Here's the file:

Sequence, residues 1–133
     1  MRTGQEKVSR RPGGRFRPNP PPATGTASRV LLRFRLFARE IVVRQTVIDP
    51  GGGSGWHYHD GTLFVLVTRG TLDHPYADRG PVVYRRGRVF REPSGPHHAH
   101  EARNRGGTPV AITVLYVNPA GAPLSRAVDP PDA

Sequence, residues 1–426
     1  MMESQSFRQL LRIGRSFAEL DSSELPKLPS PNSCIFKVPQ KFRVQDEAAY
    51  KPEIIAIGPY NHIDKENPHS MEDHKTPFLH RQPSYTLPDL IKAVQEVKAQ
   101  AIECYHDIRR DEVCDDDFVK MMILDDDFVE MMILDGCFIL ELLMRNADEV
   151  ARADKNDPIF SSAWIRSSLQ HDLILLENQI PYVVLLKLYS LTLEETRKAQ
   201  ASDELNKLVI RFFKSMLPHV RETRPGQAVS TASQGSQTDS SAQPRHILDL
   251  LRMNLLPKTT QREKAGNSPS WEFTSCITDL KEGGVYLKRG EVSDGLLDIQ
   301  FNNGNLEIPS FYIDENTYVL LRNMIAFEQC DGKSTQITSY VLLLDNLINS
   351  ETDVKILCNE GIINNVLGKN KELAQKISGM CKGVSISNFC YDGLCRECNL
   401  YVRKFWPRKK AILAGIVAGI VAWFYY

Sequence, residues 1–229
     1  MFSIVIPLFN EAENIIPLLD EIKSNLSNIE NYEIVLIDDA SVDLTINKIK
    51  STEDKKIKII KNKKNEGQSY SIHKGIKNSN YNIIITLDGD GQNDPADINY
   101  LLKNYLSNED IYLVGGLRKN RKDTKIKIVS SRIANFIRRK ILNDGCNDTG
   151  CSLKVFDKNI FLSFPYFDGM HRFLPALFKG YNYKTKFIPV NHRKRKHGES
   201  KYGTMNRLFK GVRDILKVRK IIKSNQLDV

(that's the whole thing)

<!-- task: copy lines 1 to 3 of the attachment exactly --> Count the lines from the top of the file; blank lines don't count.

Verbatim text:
Sequence, residues 1–133
     1  MRTGQEKVSR RPGGRFRPNP PPATGTASRV LLRFRLFARE IVVRQTVIDP
    51  GGGSGWHYHD GTLFVLVTRG TLDHPYADRG PVVYRRGRVF REPSGPHHAH